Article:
Integrating the Department of Defense Supply Chain: Techincial Report

By Eric Peltz; Marc Robbins | Go to book overview
chain affecting a large number of processes over several years, creating inefficiencies and performance problems as each change was made in isolation.

Review of DoD Supply Chain Policy
The study reviewed the 2003–2004 DoD supply chain policy and regulations in effect when this study was conducted and when the case studies occurred.3 The review suggested that gaps in supply chain integration have been rooted in DoD supply chain policy. During the writing of this report, from December 2011 through May 2012, though, a new DoD supply chain materiel management policy instruction, informed by this study, was released and the accompanying detailed manual was in the coordination and release process. Both of these were reviewed in the course of the study as well. However, to help illuminate some of the underlying factors and thinking that has hindered supply chain integration and produced the opportunities for improvement discussed in this report, we list the major gaps that have existed in policy:
absence of an overall supply chain objective that integrates readiness and total cost
lack of an overarching supply chain framework that clearly articulates the roles of each organization and how each process or function affects the others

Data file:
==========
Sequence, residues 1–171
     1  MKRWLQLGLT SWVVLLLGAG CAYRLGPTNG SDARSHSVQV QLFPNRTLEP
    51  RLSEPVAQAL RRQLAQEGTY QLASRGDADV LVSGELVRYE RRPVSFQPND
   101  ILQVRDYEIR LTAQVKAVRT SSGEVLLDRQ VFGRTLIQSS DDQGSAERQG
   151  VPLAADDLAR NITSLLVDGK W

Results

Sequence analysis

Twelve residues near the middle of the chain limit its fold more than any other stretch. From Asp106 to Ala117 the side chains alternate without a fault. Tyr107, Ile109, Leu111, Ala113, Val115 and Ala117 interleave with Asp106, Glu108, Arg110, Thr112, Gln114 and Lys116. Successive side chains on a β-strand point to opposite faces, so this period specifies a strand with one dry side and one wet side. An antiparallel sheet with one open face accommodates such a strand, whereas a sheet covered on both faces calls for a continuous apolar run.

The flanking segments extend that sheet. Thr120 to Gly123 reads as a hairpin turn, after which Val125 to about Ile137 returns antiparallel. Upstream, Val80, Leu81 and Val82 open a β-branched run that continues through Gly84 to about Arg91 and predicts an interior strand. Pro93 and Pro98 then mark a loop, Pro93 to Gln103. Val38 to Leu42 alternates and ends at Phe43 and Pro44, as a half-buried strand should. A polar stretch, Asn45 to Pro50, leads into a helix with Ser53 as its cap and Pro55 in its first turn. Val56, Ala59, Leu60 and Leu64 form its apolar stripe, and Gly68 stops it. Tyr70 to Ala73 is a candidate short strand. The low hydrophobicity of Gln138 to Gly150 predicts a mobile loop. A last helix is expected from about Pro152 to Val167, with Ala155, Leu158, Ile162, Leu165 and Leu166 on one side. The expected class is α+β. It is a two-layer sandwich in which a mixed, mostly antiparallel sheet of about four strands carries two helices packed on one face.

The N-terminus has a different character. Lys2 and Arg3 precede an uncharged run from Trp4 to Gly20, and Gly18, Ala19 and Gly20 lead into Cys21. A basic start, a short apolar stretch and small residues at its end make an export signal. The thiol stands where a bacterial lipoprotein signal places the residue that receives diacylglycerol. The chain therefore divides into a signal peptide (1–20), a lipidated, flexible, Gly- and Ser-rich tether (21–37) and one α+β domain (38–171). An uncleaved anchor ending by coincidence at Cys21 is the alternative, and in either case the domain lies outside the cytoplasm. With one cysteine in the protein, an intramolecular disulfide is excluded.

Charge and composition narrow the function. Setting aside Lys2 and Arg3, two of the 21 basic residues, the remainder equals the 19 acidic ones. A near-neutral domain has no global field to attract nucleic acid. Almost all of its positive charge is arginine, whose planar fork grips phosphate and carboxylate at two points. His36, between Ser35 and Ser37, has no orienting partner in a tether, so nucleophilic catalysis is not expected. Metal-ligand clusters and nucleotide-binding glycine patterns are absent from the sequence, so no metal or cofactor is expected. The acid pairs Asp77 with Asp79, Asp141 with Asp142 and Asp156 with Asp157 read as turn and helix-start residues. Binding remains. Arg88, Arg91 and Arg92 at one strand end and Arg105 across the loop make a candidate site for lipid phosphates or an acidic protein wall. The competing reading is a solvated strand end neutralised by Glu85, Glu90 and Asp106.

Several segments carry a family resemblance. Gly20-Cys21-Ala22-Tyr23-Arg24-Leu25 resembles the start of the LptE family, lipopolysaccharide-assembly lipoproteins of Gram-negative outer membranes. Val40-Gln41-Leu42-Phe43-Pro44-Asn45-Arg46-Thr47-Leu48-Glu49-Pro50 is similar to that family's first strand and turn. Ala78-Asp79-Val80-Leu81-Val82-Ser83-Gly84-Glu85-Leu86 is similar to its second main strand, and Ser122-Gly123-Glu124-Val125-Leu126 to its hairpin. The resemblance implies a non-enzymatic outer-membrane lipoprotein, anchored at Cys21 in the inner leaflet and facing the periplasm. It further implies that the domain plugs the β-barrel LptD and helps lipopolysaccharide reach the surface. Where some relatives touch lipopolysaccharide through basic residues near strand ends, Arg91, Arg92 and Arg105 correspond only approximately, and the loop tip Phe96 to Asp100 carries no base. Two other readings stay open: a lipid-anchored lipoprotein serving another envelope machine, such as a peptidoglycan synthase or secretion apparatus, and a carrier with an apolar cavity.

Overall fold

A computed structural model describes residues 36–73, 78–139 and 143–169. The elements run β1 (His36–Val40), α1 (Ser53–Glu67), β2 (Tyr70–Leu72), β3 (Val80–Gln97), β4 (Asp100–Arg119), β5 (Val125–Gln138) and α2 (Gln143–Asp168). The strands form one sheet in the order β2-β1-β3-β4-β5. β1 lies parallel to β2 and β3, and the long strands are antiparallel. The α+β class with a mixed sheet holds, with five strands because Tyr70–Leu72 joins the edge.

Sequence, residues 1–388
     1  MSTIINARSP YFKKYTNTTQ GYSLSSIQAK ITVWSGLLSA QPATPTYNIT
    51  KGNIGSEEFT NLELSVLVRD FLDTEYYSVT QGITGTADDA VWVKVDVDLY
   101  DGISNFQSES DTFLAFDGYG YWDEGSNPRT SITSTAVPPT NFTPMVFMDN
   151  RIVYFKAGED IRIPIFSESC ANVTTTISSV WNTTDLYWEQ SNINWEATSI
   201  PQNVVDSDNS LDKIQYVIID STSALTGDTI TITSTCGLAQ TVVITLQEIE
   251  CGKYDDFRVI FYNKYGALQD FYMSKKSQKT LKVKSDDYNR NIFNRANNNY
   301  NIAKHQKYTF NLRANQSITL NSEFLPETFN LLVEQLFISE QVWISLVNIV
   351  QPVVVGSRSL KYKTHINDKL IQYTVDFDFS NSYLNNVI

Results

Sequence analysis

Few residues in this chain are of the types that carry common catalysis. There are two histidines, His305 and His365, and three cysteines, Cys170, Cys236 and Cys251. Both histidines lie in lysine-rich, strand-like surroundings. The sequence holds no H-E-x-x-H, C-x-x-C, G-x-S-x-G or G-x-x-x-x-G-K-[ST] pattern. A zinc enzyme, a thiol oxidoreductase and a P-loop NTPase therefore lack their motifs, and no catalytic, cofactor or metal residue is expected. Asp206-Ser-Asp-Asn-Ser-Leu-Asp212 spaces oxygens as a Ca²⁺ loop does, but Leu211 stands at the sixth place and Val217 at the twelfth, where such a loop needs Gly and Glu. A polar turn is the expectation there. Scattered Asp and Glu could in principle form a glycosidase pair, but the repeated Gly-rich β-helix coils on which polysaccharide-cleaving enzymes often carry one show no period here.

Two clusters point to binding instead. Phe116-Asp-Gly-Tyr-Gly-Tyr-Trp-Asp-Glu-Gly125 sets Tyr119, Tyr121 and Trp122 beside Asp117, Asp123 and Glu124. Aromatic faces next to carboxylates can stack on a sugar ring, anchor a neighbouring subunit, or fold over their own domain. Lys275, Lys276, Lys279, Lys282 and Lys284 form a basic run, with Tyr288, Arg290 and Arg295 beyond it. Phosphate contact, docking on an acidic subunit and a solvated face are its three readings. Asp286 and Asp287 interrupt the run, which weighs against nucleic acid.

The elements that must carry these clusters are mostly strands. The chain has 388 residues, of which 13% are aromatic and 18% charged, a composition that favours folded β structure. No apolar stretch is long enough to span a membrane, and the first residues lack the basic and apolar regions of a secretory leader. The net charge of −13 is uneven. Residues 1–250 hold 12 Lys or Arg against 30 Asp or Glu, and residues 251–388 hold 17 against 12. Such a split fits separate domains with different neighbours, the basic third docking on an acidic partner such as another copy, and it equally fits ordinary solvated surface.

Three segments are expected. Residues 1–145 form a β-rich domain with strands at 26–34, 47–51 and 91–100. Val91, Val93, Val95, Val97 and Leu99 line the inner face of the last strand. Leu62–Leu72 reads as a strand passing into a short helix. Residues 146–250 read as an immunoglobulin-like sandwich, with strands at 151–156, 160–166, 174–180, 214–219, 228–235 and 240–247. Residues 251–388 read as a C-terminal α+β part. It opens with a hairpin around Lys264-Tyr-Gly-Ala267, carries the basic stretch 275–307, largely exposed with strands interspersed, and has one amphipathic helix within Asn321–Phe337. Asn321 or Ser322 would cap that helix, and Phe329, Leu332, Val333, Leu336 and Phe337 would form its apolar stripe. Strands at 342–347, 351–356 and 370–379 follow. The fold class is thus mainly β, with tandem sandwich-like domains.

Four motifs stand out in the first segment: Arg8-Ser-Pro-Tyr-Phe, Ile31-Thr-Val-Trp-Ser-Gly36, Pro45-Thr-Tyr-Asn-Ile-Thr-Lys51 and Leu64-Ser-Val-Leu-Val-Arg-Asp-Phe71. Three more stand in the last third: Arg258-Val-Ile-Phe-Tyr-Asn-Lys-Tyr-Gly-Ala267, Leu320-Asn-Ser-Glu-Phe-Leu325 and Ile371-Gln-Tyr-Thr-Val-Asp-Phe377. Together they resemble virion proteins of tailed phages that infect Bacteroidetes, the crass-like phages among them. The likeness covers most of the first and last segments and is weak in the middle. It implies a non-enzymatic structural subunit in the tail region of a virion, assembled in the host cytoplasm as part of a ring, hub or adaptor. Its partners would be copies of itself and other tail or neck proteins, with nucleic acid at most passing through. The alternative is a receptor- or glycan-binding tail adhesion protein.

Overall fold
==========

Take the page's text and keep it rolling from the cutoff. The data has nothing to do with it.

overemphasis on customer responsiveness and inventory minimization versus total cost and meeting customer needs by employing the best standard approaches
limited linkage of stock positioning to minimize total supply chain costs by integrating inventory, materiel handling, and transportation planning
limited guidance on when to use different distribution methods, which integrate transportation, materiel handling, and stock positioning planning
no requirement for collaborative planning with suppliers to enable better management of lead times, order quantities, and costs.

The authors provided overarching and detailed recommendations to address these gaps and to add new policies to engender supply chain integration, in addition to making specific recommendations for the new policy documents. All but the second have already largely been addressed in the new policy instruction and the draft policy manual.4


A DoD Supply Chain Framework

The supply chain objective and principles lead to a framework for the DoD supply chain that can provide a common understanding of the design, the roles of each function and process, and dependencies to factor into planning and decisions. Each function and process in the framework has defined, dependent roles as shown in Figure S.1. The framework is described in depth in Chapter Four.

3 Deputy Under Secretary of Defense for Logistics and Materiel Readiness, “DoD Supply Chain Materiel Management Regulation,” DoD 4140.1-R, May 23, 2003; Deputy Secretary of Defense, “Supply Chain Materiel Management Policy,” DoD Directive 4140.1, April 22, 2004.

4 Under Secretary of Defense for Acquisition Technology and Logistics, DoD Supply Chain Materiel Management Policy, DoD Instruction 4140.01, December 14, 2011; Assistant Secretary of Defense for Logistics and Materiel Readiness, DoD Supply Chain Materiel Management Procedures, DoD Manual 4140.01, Volumes 1 through 11, draft as of March 2012.

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